Annapurna Adventure - Part 1

On the morning of our first day we met our guide Ganesh and our porter in Kathmandu at 8. We immediately felt bad for the tiny porter who would have to carry our overfilled hiking pack. Soon after, our bus left Kathmandu carrying several groups of trekkers and guides for Besi Sahar, the starting point of the circuit. Some travelers took the interesting option of riding on the top of the bus, but it was far too hot and sunny for us to consider doing so.

The roads in Nepal are even more crazy than in China, although we had thought this would be impossible. There are a great deal more rickshaws, carts, people and animals on the roads here and the concept of "right of way" is completely alien. Bullying your way through an intersection is the only way through, and it is truly amazing that there are not more accidents. On our bus there were two men whose jobs involved jumping off the bus and standing in the path of oncoming traffic to ensure that the bus could get through. Soon we managed to get out of the city and into the hills, which was a beautiful and very welcome transition.

We stopped for lunch and had our first taste of the Nepalese national dish, dhal bhat. This is a combination of foods, usually served in a "prison tray", with vegetable curry, lentil stew, rice, a papad (a.k.a. papadum) and pickles. The best part of this meal is that it is always followed up by a generous helping of seconds so it is impossible to eat it and still be hungry. The locals usually eat this with their hands but we opted to go with cutlery. During the trek, the guides and porters all ate dhal bhat together twice or thrice each day, which led to a lot of jokes about their favourite food, which they never admitted to getting sick of.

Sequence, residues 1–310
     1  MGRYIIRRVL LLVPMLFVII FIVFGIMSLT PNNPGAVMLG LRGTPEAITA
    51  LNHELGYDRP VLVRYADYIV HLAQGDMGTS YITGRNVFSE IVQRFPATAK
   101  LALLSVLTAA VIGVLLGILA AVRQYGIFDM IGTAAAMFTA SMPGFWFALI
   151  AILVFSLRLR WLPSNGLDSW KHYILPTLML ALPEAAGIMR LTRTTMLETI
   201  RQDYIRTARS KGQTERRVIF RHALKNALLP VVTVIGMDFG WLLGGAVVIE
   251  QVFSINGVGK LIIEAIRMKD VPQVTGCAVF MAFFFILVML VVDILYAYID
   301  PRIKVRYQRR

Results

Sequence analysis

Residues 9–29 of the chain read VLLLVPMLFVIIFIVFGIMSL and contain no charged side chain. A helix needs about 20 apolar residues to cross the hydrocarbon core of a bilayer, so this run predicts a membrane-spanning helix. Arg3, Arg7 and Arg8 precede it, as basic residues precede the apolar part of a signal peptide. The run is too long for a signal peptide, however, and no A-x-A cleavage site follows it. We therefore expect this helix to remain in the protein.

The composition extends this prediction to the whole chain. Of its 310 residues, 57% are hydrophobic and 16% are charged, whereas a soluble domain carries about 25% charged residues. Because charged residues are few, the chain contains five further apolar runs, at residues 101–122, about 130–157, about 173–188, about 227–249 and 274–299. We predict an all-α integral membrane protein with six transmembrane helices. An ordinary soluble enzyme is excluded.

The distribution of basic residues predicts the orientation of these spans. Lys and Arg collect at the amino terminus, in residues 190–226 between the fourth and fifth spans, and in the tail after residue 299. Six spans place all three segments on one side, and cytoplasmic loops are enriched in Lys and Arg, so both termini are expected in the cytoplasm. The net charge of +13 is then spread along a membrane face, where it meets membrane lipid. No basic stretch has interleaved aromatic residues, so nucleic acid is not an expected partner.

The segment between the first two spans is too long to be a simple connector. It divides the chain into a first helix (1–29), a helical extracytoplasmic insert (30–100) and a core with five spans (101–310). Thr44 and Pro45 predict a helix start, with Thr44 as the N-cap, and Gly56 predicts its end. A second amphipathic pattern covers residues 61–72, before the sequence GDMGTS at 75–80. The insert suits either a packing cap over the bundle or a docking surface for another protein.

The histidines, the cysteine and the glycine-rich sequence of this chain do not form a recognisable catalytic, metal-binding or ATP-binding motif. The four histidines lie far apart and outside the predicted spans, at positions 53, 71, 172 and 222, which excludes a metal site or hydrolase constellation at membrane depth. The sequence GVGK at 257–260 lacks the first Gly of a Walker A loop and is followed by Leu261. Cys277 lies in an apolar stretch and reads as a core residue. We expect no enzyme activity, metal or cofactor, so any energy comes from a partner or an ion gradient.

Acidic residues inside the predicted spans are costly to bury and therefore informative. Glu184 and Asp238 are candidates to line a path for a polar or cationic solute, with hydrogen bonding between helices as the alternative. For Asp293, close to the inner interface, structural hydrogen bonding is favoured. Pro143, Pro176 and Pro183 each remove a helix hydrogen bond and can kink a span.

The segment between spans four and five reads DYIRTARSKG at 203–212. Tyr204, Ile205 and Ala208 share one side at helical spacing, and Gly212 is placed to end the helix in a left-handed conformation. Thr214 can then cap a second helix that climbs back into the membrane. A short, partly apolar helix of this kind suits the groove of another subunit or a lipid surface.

Just after lunch we came up against a nasty traffic jam which turned out to be caused by a roadblock of several buses outside a police station, where a thousand or so locals had congregated in a loud mess. We couldn't get a straight answer about why the road had been blocked but the situation appeared to be political. Just the previous day the rebellious and powerful Maoists had declared that they would leave the country's interim government so the country was in a precarious position, having just ousted the royal family but not yet ratified a new constitution.

After two hours of waiting where the clock on the bus noted a temperature of 42 degrees, the road was finally cleared and we were able to make our way towards Besi Sahar. The 190 km trip should normally take 6 or 7 hours as the winding mountainous roads make for a low average speed. For us it was a glorious 10 hours. Marty was feeling rather ill for most of the journey (probably from ice in a Kathmandu drink ) and went straight to bed but woke up feeling much better the next day.

The next day we started our trekking adventure after signing in at the police check point, the first of many along the route. A nearby notice board gave some information about the trek - it's 210 kilometres long, starting at 800 metres elevation, going up to 5416 metres, and back down to 1200 metres. Most people take about 18 days to complete the circuit, which traces around the Annapurna mountain range. This range includes the tenth tallest peak in the word, Annapurna I, which measures 8091 metres.